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Tonga Exports

artice info

Tonga's economy is characterized by a large non-monetary sector and a heavy dependence on remittances from the half of the country's population who live abroad (chiefly in Australia, New Zealand and the United States). 

The manufacturing sector of Tonga consists of handicrafts and a few other very small scale industries, which contribute only about 3% of GDP. Commercial business activities also are inconspicuous and, to a large extent, are dominated by the same large trading companies found throughout the South Pacific. In September 1974, the country's first commercial trading bank, the Bank of Tonga, opened.

Tonga's development plans emphasize a growing private sector, upgrading agricultural productivity, revitalizing the squash and vanilla bean industries, developing tourism, and improving communications and transport. Substantial progress has been made, but much work remains to be done. 

The country became a member of the World Trade Organization in 2007. The Tonga Chamber of Commerce and Industry (TCCI), incorporated in 1996, endeavors to represent the interests of its members, private sector businesses, and to promote economic growth in the Kingdom.

The top exports of Tonga are vegetables, non-fillet fresh fish, cassava, coconuts, Brazil nutscashews and scrap iron.

The top export partners of Tonga are New Zealand, South Korea, the United States, Japan and Australia. 


Tonga Imports

artice info

Tonga has a small, open, island economy and is the last constitutional monarchy among the Pacific Island countries. It has a narrow export base in agricultural goods. Squash, vanilla beans, and yams are the main crops. Agricultural exports, including fish, make up two-thirds of total exports. The country must import a high proportion of its food, mainly from New Zealand. The country remains dependent on external aid and remittances from overseas Tongans to offset its trade deficit. 

A former British protectorate, Tonga became fully independent in 1970, though it was never formally colonized.

Tonga has no strategic or mineral resources and relies on agriculture, fishing and the money sent home by Tongans living abroad, many of them in New Zealand. Unemployment is high, particularly among the young. Endowed with tropical beaches, rain forest and active volcanoes, it has a developing tourist industry - its main source of hard currency.

The top imports of Tonga are refined petroleum, planes, helicopters, spacecraft, poultry meat, telephones and sawn wood.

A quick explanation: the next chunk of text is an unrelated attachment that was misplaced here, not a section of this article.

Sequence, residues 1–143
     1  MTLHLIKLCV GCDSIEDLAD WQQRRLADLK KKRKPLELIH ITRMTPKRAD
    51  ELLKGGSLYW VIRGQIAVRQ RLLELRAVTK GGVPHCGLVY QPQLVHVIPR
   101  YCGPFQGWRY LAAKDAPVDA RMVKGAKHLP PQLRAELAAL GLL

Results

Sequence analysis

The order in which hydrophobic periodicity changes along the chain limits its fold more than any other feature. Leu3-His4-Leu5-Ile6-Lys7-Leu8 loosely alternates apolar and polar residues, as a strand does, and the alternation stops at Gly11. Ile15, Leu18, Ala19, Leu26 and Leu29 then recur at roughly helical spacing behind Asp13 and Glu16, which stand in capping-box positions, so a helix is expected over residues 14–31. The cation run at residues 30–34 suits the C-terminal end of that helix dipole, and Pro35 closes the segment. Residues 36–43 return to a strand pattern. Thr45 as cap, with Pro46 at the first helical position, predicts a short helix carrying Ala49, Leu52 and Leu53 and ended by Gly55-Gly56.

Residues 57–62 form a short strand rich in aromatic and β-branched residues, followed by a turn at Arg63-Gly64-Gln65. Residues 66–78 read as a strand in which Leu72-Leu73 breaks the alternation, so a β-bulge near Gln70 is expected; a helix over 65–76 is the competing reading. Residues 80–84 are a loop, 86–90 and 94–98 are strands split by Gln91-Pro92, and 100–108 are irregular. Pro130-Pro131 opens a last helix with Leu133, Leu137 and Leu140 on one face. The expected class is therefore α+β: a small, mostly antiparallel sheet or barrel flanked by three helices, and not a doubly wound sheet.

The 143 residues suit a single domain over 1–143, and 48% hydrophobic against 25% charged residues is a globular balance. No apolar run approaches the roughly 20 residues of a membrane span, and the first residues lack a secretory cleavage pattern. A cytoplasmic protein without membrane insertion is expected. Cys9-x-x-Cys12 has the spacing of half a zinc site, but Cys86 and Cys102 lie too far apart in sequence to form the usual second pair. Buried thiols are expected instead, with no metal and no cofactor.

The top import partners of Tonga are Fiji, New Zealand, China, the United States and Hong Kong.


Customs requirements of Tonga

Tonga Customs Contacts



Address: Queens Salote Ex-Students Center, Railway Rd, PO Box 7, Nuku’alofa

Telephone: +676 23 444

Fax: +676 26 638


Tonga is a Polynesian country and archipelago comprising 169 islands. The country is surrounded by Fiji, Wallis, Futuna (France), Samoa, Niue, Kermadec, New Caledonia (France) and Vanuatu. Tonga is a member of the African, Caribbean, and Pacific Group of States (ACP), International Trade Union Confederation (ITUC), World Customs Organization (WCO), World Trade Organization and other international organizations.


Customs Tariffs

Tonga has bound its entire customs tariff with relatively minor differences in the average bound rates on agricultural and non-agricultural products (WTO definition), as the tariff lines are bound at ad valorem rates of either 15% or 20%. Tonga does not participate in the plurilateral Information Technology Agreement, the Agreement on Trade in Civil Aircraft, or any of the sectoral initiatives. 


Import prohibitions, restrictions, and licensing

Most items can be imported into Tonga without any restriction (other than import duty, taxes, and charges). However, Tonga prohibits certain imports, and the importation of some items is restricted and requires a special licence. Tonga applies non-automatic licensing to firearms, explosives, and noxious gases.  


Export procedures and requirements

Exporters are required to hold a valid business licence. A foreign investor must obtain a foreign investment certificate before the business licence can be issued. Domestic and foreign investors are generally treated alike as exporters. The only activity reserved for Tongan investors is the exportation of green and mature coconuts.

All commercial exports of goods from Tonga must be declared to Tonga Customs before loading. Certificates of origin are required for exports of squash to Japan.

The Tonga's Customs Tariff has one column reserved for duty on exports. However, all exported goods are currently zero-rated. Excise tax is not levied on exported goods. For businesses registered for Consumption Tax, the tax is not levied on exports of goods or services. Exported goods are subject to an inspection fee of T$20 and a processing fee of T$2 per customs declaration form. 


Documents to export and import

Export documents:

  • Bill of lading
  • Commercial invoice
  • Export declaration
  • Export license
  • Packing list

Import documents:

  • Bill of lading
  • Cargo Release order
  • Commercial invoice
  • Import declaration
  • Packing list